5 Things to Do That Your Dog Loves

One of the questions animal communicators receive is, “Does my dog love me?” And it’s not only animal communicators who receive this question. The other question is, “What can I do for my dog to tell him I love him?

Photo by Pixabay on Pexels.com

Well, here is a list of 5 things you can do for your dog that will win him/her over for life.

  1. Take your dog for a walk every day

Some dogs such as high-energy dogs need more than just one short walk around the block per day. Depending on your dog’s physical needs, he/she might need to go to a off-leash area to run. Your dog might need to run on trails or on a beach. In the very least, your dog needs to go for walks more than one time a day. Three times a day works best, depending on the age and condition of the dog.

Some dogs also enjoy going to the dog park which combines socializing with other dogs and exercise.

2. Let your dog test his/her nose out when you are outdoors

Dogs love to use their nose. They enjoy sniffing the various scents that other dogs leave behind. If you have a nose hound then you can double the time and enjoyment that your dog needs to use his/her nose.

One trick that I love to do, is to hide dog treats or pieces of food (that is healthy for dogs) in a yard and then let the dog find the treats. This is a good exercise to keep the dog’s scent abilities sharp. And since the nose is connected to the dog’s brain in ways we can’t even imagine, this keeps the dog’s brain sharp too. Plus, your dog enjoys using his/her nose. Hearing and scent are their two greatest assets.

3. Keep the levels of noise low in the household and in the car

I can’t emphasize the power of a dog’s hearing and the frequencies they hear that humans don’t hear. You might not have a good sense of hearing or maybe you lost your hearing in different ranges, but your dog, unless he’s deaf, hears just fine.

Do not blast your TV, stereo, or computer because this harms your dog’s nervous system (and yours). Keep your dog away from fireworks and loud situations. Some dogs have fallen to their death off balconies to get away from noise of firecrackers, for instance. People forget about their dog’s sensitive hearing around certain holidays.

Finally, don’t take your dog to outdoor music festival unless the festivals are on the quieter as in acoustic side. You might enjoy hanging out in the hot sun and listening to loud music, but your dog does not. I’ve had many people tell me to mind my own business but my business is ensuring the well-being of non-humans. So…if you don’t listen, you’ll hear me lecturing you like a stern mother.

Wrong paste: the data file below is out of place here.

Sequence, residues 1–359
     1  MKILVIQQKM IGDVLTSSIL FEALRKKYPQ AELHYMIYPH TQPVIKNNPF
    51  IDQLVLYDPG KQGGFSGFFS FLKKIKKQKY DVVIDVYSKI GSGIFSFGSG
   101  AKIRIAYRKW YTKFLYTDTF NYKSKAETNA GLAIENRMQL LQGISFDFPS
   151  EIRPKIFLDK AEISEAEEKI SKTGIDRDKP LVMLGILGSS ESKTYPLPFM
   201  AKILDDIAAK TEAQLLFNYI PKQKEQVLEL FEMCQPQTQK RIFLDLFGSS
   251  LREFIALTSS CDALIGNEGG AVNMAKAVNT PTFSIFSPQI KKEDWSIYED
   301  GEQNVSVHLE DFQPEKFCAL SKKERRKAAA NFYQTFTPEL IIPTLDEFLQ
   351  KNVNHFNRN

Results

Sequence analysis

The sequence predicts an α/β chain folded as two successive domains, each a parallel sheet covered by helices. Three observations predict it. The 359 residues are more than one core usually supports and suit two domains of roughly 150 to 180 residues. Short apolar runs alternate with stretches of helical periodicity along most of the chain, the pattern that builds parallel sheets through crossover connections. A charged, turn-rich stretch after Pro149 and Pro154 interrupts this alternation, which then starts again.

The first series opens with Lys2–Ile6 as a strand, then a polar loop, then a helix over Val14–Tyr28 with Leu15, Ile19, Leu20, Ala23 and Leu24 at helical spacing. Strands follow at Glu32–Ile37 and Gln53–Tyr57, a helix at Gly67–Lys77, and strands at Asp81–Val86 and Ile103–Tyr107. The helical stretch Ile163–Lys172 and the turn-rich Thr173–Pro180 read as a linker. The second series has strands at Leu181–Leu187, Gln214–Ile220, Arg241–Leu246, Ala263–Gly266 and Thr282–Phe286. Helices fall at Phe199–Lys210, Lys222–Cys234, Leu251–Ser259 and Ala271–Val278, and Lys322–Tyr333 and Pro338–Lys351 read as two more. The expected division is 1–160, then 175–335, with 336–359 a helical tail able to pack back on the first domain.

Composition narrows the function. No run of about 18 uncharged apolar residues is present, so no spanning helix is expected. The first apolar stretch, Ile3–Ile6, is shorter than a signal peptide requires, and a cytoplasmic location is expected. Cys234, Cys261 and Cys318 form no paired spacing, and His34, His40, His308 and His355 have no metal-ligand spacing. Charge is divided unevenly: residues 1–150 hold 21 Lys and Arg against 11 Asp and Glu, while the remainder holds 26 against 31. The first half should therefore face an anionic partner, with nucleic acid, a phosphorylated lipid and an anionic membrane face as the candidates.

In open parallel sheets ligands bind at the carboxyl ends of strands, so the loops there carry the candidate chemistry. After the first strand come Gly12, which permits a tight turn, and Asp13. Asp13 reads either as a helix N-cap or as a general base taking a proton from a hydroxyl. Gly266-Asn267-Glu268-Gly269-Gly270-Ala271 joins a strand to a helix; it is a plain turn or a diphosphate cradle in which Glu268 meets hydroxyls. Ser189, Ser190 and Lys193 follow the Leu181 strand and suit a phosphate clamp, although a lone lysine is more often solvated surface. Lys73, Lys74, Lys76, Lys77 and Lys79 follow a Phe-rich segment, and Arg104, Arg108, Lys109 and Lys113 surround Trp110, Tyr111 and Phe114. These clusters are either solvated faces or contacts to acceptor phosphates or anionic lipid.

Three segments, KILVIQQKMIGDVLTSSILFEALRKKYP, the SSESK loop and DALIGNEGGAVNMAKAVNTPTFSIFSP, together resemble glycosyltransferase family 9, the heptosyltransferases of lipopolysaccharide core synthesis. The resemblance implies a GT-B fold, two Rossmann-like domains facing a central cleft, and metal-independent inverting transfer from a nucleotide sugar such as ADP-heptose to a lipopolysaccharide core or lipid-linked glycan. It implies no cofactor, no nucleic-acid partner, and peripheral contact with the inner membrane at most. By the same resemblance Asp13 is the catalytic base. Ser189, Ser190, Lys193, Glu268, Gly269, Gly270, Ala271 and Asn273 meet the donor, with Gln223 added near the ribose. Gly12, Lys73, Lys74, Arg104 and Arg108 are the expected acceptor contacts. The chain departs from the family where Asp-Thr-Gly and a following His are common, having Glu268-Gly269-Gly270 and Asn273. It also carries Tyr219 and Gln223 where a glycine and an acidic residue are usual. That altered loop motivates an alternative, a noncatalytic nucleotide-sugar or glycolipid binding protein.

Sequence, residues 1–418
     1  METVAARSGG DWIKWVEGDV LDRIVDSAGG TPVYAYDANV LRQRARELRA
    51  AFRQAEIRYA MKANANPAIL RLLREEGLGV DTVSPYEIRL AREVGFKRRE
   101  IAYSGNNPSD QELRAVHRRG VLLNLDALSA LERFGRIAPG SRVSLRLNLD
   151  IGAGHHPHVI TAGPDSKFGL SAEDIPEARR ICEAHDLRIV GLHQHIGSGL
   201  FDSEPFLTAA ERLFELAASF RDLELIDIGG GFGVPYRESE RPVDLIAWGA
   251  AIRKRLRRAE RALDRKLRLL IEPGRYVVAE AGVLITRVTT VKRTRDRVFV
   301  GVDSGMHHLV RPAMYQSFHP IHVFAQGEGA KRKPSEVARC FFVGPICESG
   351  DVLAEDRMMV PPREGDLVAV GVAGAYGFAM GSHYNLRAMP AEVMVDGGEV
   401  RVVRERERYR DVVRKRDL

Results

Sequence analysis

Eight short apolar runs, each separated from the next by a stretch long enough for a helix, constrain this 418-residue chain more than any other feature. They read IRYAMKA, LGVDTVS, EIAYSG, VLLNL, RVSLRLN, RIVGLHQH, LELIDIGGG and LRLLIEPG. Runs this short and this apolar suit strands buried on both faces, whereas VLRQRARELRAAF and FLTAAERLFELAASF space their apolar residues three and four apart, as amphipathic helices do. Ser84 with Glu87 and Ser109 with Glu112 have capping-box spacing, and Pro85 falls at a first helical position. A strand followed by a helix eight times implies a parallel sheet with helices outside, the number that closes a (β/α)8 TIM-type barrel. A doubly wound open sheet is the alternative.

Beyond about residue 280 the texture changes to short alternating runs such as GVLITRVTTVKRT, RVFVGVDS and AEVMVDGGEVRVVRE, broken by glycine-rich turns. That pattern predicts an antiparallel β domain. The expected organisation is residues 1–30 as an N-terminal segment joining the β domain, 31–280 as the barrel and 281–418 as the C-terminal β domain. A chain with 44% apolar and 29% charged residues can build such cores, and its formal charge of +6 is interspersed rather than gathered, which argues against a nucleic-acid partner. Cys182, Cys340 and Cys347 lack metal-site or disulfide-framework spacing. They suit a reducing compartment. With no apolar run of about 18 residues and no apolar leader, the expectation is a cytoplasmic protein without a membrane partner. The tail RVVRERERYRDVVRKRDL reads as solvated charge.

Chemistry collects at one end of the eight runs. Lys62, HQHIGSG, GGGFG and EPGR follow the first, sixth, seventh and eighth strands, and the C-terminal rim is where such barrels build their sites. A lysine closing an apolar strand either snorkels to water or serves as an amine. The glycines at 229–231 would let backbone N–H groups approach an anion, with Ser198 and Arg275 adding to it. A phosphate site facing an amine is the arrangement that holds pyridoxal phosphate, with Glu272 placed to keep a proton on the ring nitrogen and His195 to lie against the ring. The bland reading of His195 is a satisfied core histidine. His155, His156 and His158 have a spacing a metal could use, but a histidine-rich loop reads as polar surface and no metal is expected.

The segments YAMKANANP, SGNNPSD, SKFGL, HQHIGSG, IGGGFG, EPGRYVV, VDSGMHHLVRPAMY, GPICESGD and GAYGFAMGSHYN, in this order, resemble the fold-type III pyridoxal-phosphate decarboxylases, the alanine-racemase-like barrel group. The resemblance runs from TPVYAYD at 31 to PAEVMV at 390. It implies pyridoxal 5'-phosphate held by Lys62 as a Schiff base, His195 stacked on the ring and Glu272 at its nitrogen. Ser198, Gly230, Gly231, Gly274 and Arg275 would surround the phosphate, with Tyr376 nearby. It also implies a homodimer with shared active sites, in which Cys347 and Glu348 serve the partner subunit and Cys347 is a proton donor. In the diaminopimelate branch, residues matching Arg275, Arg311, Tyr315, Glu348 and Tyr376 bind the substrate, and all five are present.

4. Practice mindfulness

I’ve already posted two articles on mindfulness and pets on this blog so I won’t go into details. However, when you become mindful of your actions and your state of mind this goes a long ways to creating peace in your pets’ lives. It sounds so simple but it is profound.

5. Live in the moment and don’t fear death

Many of us are so fearful of death and endings that we fail to live. We’re not truly alive if we fear disease, injuries, accidents, and the end of the world. When we are stressed we pass on that stress to our dogs. We do this unintentionally but we still do it.

Be here now, as the saying goes. This isn’t just a slogan to splash across a new age T-shirt. Your dog isn’t living in the future or regretting the past. It’s not that they don’t have memories or that they aren’t thinking of their next cookie or walk, it’s just that dogs live in the moment. Every minute counts when your life is short and for larger breed dogs that life span is only 6 to 7 years long. So, live this day as if it is your last and make every moment with your dog count.

If you follow the above advice you’ll foster reciprocated love from your dog. We learn lessons from our animal companions but we first need to set the foundation so that those lessons are pleasant ones.

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Published by pnwauthor

I'm a former Washingtonian from Washington State, not Washington DC. I currently reside in Pennsylvania, even though my dream was to live and work in Vermont.

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